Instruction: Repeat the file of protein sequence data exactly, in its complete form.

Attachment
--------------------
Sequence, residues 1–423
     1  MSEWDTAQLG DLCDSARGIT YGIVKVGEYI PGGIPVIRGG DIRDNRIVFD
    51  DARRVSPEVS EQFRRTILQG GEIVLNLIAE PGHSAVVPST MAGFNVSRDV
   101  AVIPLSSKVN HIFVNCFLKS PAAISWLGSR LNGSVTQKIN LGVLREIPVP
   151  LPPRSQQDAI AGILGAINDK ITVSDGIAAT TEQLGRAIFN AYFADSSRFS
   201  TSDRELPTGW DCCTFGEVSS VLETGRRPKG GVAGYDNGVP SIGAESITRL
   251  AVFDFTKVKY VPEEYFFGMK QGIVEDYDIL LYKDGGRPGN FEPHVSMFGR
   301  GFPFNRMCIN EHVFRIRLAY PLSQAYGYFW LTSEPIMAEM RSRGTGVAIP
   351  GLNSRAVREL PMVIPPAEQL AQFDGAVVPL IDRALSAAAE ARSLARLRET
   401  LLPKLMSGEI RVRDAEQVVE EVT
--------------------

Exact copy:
Sequence, residues 1–423
     1  MSEWDTAQLG DLCDSARGIT YGIVKVGEYI PGGIPVIRGG DIRDNRIVFD
    51  DARRVSPEVS EQFRRTILQG GEIVLNLIAE PGHSAVVPST MAGFNVSRDV
   101  AVIPLSSKVN HIFVNCFLKS PAAISWLGSR LNGSVTQKIN LGVLREIPVP
   151  LPPRSQQDAI AGILGAINDK ITVSDGIAAT TEQLGRAIFN AYFADSSRFS
   201  TSDRELPTGW DCCTFGEVSS VLETGRRPKG GVAGYDNGVP SIGAESITRL
   251  AVFDFTKVKY VPEEYFFGMK QGIVEDYDIL LYKDGGRPGN FEPHVSMFGR
   301  GFPFNRMCIN EHVFRIRLAY PLSQAYGYFW LTSEPIMAEM RSRGTGVAIP
   351  GLNSRAVREL PMVIPPAEQL AQFDGAVVPL IDRALSAAAE ARSLARLRET
   401  LLPKLMSGEI RVRDAEQVVE EVT